The thinnest flakes have the sharpest cutting edges, so the handaxe-makers and Modern man preferred thin flakes and resharpened these when they became worn. However, in the Stone Bed, we see exactly the opposite: the best thin flakes were discarded without resharpening, whilst many thick flakes were retouched. That goes against everyone’s gut feelings. Why would early man throw his best flakes away? But geological phenomena treat all objects in the same way, so this selective behaviour is decisive proof that the retouches are manmade. If a geological process had made the steep retouches, that process would have also affected the thin flakes – their fragile edges would be destroyed. The intact fragile edges prove that the flakes became embedded in protective sediments and so the steep retouches must be manmade.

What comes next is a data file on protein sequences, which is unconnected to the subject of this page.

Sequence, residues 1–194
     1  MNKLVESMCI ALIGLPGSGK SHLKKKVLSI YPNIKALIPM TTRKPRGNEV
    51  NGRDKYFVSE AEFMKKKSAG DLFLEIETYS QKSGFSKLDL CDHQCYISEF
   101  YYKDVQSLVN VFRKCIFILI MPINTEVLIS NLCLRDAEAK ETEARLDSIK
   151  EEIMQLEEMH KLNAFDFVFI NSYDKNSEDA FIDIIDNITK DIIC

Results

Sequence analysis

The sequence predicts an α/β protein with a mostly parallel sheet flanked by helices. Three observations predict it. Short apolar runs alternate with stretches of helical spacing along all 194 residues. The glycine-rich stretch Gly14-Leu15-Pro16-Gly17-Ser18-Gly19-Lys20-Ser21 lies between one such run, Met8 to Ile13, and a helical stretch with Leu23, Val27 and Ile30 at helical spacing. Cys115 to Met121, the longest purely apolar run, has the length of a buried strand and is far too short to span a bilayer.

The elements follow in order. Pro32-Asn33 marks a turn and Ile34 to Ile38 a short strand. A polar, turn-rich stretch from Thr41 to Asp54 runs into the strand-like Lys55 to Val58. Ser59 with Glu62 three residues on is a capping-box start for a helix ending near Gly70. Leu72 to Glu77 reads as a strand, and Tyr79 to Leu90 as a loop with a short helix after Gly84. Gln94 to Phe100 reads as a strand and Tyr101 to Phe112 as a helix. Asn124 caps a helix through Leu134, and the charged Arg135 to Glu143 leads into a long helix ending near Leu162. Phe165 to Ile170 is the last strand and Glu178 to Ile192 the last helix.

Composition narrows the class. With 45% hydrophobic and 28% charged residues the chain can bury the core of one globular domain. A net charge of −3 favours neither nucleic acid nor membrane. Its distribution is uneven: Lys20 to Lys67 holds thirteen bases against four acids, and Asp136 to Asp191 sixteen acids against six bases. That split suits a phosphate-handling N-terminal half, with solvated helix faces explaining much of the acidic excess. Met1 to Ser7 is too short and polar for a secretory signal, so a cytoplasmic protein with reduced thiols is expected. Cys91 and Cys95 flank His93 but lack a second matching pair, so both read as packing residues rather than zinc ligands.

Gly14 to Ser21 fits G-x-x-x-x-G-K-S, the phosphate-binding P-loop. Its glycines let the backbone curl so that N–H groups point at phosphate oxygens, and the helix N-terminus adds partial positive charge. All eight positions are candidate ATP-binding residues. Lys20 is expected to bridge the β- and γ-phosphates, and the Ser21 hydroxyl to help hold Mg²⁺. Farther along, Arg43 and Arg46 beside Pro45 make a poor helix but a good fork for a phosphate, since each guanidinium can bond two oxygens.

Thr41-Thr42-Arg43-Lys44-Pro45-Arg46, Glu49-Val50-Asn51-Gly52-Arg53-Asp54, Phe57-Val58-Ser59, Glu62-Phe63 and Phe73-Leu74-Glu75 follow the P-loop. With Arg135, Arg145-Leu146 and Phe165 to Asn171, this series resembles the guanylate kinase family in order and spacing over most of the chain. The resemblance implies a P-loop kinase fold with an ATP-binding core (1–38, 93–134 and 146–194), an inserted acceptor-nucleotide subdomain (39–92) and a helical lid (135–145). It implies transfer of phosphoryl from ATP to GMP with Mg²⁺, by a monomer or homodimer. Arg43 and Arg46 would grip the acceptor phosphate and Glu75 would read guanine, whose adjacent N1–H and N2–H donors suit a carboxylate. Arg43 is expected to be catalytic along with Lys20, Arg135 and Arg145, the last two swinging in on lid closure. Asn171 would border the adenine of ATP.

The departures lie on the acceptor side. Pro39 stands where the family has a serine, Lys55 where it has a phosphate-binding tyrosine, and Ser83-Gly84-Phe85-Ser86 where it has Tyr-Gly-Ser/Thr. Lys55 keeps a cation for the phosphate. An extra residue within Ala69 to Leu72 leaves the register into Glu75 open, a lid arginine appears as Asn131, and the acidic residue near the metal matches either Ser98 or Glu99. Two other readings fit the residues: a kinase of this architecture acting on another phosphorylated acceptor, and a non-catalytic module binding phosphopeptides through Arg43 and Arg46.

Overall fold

The same phenomenon is seen in all other Mode-I sites – early-man in the Olduvai-Gorge also retouched heavy-duty scrapers but discarded his best flakes without resharpening. The flakes from the Stone Bed in Fig. 4 teach us that early-man did this because he used OBF.
On the left, you see how easy it is to make steep retouches when a thick flake lies on the ground, but if you try to resharpen a thin flake (on the right) with the same method, you only crush its edge. So, Mode-I-makers did not resharpen thin flakes because they worked on the ground (OBF), whilst handaxe-makers did resharpen thin flakes, because they used freehand techniques.
Many more tools are shown in my paper The Palaeolithic; how and why. It also explains why the handaxe was invented in Africa at a time when the climate became dryer, why the Clactonian peoples did not make classic handaxes, how pebble tool traditions are related to the Clactonian, how the Levallois techniques were invented more than a million years ago and why these techniques only became popular around 300.000 years ago, and how the Neanderthals lived and why they went extinct. So, if you want to know ‘how and why’ we became human, you should read reference 5.